With the upcoming Jobs Summit and recent Everybody’s Home research detailing the impact the rental crisis is having on the broader economy, Max Chandler-Mather MP, Greens spokesperson for Housing and Homelessness, has today called on Federal government to introduce a nationwide two-year rent freeze.
Under the Greens’ plan, National Cabinet would agree on national tenancy standards that include a 2 year emergency rent freeze. This would be followed by ongoing rent caps and an end to no grounds evictions, minimum standards for rental properties and tenant rights to make minor improvements to the home.
Following the 2 year rent freeze, rents would be capped at 2% increases every 24 months. Based on wages and rents at the beginning of the pandemic in 2020, this would see wages catch back up with rents by 2029.
The Greens call comes as Australia has seen the biggest rent increases in 14 years, putting millions of Australians into severe rental stress and exacerbating regional labour shortages because workers are being priced out of local rental markets.
Lines attributable to Max Chandler-Mather MP, Greens spokesperson for Housing and Homelessness:
“With more and more people renting long term, we desperately need legislated protections against unfair, arbitrary evictions and skyrocketing rents.”
“As the Everybody’s Home report detailed yesterday, the rental affordability crisis is destroying regional communities and impacting the broader economy. A rent freeze will help those communities rebuild, tackle the skills shortage and protect livelihoods.”
“If the government is serious about cost of living relief, if they’re serious about affordable housing, then it’s a no-brainer to freeze rent rises.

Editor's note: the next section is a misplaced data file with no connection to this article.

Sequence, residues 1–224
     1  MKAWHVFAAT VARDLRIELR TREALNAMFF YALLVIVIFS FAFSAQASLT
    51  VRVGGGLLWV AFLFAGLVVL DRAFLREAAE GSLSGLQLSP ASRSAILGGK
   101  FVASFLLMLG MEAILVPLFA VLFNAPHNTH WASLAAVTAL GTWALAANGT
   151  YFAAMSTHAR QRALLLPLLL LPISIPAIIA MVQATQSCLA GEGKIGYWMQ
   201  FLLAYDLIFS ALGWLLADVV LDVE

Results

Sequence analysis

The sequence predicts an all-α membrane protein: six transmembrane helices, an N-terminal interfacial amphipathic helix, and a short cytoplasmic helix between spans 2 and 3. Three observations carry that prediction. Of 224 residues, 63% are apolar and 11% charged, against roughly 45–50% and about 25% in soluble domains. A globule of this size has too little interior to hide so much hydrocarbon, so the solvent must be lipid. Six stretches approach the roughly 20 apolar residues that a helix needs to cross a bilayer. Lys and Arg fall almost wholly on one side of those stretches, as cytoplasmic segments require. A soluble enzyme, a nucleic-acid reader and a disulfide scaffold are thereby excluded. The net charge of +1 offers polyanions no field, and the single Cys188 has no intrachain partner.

“Rents are out of control, millions of Australian renters are struggling to pay the rent, and unless the Government wants to see more families sleeping in their cars they need to do their job and act now to stop this crisis boiling over into a national tragedy.
“During the pandemic the Victorian Government froze rents, while governments around the world have used rent freezes and controls successfully to protect households and their homes, there’s no reason why we can’t do it here.
“Just as the Government coordinated a national response to the COVID19 health crisis, the Federal Government should intervene to coordinate an emergency nationwide response to the housing crisis that includes a rent freeze.
“We’ve got families sleeping in their cars, workers unable to afford a home near where they work, people being evicted from their homes because they can’t afford 20% rent increases and the governments just sitting on their hands when they have the capacity to intervene and stop the worst of this crisis.”
Renters across Australia are facing annual rent increases of 17.9% in capital cities and 13.4% nationwide. 2.7 million Australians are in rental stress with over 1 million in severe rental stress. In the past 12 months rents in capital cities have grown seven times faster than wages.
Since mid-2020 rents have been spiking, growing many times faster than wages. Even under the Greens plan to freeze rents for two years, then cap rent increases at 2% every 2 years, wage growth won’t make up for the impacts of recent rent growth until 2029.
History of rent freezes
Rent-freezes have a long history of use in times of rampant inflation. In Australia, rents were frozen by the Commonwealth government in 1941 to deal with inflation caused by wartime shortages. Most recently, the Victorian government froze rents for six months during the COVID-19 crisis, and Cherbourg implemented a rent freeze to deal with a mass influx of former residents returning home searching for affordable and culturally-appropriate housing. Internationally, rent controls are in place in designated ‘rent pressure zones’ in Scotland, in British Columbia and New York. Recently, London mayor Sadiq Khan has called to be granted powers to freeze private rents for two years, and the New Zealand Human Rights Commission called for a temporary rent freeze to tackle a similar cost of living and rent crisis in New Zealand.